Travelling due south, the whisky lover reaches the Old Pulteney Distillery. Fans of their Single Malt Scotch Whisky (and even those new to it) will welcome two new malts: the 25-Year-Old and the exclusive 1983 Vintage expressions. Both whiskies have been aged in warehouses laced with the bracing sea salt air that surrounds the town of Wick on the shores of the North Atlantic.
To the west, and into the renown Speyside region, Macallan marries European and American oak in the creation of the new The Macallan Double Cask 12 Years Old expression. New American oak is crafted into barrels in Spain and seasoned with sherry before being shipped to the distillery and filled with newly made spirit and aged for 12 years. Once aged, the whiskies are blended with others drawn from sherry-seasoned European oak. The result is a fragrant (think chocolate, butterscotch, vanilla, and floral/fruity elements), supremely smooth, velvety, luxurious dram. The uncompromising chill of winter has met its match.
Heading south, those who seek out the bolder whiskies of Islay should seek out a pair of new releases from Bowmore Distillery: No.1 Malt and the Vault Edition Atlantic Sea Salt. The former sports the distillery’s classic briny, zesty, smoky profile, while the latter, bottled at a warming 51.5 percent ABV, sports crisp, ocean spray aromas, with gently peaty, raw honey and beeswax overtones. Powerful yet exquisitely balanced, the latter features warm, slightly peppery flavours, with traces of mildly sweet orange zest and an incredibly long, peaty/caramel finish.
Sticking with Islay (and why not?), there’s much anticipation surrounding the official opening this spring of the island’s ninth operational distillery, Ardnahoe. Having been blenders and bottlers for over three generations, the Laing family has teamed up with legendary Islay stillmaster Jim McEwan to open just the second new operation on the island in over 100 years. The only Islay distillery to employ worm tubs for condensation, its first run of non-coloured, non-chill-filtered whisky is set to be released in 2021-22.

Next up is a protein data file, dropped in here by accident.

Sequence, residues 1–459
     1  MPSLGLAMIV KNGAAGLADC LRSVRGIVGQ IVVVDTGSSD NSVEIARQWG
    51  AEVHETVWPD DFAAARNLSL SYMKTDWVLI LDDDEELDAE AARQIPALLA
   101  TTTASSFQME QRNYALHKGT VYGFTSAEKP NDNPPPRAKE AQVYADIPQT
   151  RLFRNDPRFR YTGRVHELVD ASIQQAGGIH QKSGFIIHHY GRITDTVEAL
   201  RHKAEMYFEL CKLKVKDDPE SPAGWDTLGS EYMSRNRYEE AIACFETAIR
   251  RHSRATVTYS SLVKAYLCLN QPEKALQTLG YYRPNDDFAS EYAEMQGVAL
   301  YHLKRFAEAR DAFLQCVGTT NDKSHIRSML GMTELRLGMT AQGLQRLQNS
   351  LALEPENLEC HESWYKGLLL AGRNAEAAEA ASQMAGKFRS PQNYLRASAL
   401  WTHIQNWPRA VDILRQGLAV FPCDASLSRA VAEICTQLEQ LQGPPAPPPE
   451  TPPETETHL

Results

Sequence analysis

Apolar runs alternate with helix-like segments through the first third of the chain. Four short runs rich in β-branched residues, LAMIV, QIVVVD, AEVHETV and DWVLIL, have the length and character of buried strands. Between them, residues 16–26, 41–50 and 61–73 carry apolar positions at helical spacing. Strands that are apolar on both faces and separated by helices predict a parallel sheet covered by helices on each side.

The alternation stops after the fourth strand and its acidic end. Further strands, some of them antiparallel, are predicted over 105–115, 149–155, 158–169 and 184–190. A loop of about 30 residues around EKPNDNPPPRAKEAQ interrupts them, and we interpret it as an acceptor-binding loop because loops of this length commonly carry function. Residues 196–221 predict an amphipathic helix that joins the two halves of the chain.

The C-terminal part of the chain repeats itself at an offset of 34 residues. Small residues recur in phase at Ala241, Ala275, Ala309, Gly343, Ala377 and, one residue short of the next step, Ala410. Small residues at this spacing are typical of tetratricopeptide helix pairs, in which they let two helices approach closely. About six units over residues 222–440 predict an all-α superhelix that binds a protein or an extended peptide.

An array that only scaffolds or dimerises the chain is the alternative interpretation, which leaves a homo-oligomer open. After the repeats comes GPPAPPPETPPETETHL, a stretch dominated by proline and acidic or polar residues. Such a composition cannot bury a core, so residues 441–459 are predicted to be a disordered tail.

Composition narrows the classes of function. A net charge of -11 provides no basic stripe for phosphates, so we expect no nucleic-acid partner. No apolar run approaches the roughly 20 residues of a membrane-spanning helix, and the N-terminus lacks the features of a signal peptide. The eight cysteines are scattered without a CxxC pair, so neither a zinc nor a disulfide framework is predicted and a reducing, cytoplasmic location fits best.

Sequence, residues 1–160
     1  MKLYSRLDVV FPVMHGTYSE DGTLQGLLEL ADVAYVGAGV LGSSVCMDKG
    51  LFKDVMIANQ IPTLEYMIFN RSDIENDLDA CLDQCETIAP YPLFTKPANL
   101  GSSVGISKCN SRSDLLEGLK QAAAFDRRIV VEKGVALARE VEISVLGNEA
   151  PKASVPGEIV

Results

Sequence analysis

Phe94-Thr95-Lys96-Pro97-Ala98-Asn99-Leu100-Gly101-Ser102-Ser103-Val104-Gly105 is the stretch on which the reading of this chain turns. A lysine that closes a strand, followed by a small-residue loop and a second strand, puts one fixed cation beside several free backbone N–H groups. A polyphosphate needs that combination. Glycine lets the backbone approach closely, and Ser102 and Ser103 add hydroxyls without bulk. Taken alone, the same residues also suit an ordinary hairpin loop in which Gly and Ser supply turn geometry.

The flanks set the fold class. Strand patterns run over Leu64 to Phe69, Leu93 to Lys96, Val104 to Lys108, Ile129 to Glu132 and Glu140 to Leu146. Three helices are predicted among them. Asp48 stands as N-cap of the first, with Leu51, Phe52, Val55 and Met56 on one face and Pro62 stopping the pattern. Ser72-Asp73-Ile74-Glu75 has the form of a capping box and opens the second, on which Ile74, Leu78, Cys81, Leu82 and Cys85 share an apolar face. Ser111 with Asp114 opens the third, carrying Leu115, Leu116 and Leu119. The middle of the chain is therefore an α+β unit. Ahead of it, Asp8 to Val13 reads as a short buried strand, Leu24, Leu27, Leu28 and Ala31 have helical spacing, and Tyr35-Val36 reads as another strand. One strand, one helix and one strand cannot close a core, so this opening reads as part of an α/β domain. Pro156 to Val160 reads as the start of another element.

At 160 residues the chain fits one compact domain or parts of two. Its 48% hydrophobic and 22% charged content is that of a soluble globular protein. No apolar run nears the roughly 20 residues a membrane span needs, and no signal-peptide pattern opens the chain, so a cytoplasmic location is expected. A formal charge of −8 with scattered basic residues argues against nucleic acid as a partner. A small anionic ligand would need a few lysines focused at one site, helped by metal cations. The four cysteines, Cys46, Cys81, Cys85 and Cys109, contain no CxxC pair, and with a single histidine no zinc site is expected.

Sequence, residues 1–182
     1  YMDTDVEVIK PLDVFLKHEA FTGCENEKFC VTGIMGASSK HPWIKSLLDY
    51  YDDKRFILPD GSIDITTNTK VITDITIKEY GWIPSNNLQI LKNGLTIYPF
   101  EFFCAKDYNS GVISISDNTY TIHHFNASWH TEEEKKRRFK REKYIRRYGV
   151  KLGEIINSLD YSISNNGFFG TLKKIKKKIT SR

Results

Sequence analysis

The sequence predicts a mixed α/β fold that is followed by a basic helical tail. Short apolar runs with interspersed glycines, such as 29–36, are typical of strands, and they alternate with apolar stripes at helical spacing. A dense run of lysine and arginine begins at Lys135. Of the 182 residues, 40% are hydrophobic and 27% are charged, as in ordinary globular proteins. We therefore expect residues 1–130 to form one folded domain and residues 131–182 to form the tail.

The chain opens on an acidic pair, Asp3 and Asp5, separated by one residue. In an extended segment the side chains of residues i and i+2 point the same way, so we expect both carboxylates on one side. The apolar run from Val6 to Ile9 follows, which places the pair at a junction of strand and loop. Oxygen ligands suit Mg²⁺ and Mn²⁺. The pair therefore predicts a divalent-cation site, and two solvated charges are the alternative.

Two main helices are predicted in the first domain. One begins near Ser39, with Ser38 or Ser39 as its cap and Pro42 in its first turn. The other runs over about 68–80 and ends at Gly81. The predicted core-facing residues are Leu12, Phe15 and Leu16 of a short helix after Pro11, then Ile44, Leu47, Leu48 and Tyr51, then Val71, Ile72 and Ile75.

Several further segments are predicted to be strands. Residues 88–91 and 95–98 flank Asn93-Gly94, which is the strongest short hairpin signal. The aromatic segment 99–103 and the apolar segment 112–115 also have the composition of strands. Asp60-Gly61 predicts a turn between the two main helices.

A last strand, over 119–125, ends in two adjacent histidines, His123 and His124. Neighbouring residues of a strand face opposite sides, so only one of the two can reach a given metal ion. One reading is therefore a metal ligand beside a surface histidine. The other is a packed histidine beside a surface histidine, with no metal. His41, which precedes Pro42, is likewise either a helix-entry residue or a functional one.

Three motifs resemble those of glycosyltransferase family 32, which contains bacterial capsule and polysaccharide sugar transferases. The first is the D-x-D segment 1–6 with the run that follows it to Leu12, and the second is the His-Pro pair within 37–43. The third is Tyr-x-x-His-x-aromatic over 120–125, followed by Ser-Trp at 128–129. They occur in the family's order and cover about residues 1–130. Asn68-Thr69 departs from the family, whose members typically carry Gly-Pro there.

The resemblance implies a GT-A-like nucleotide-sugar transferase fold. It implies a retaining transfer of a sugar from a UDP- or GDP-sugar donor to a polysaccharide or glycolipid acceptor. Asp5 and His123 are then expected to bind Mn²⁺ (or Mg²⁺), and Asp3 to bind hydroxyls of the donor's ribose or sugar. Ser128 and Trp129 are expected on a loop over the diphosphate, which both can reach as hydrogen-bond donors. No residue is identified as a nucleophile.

Back to the mainland, it’s a shame that so many of the great Lowland distilleries have been mothballed (Rosebank and Littlemill, we miss ya!), but at least Auchentoshan Distillery is keeping the stills stoked and creating creative bottlings, the newest being the Auchentoshan Bartender’s Malt. A collaborative effort between 12 international bartenders and master blender Rachel Barrie, the whisky is a single malt designed for use in cocktails. Sampled neat, the nose is redolent of black cherry, nougat, cocoa powder and nutmeg. Quite delicate in the mouth (as Lowland malts are wont to be), it’s hardly shy, with milk chocolate, dried apricot and nutmeg flavours drifting into a lively, spicy finish.
Finally, one revered Scottish malt maker has engaged in a particularly interesting collaboration that celebrates whisky, wood and, well, wheels. The Glenmorangie distillery and Renovo Hardwood Bicycles are breathing new life into used casks. Whisky on wheels…it’s not as dangerous as it sounds!
Indeed, the world of whisk(e)y is ever-evolving. Grab your glass, get out and explore.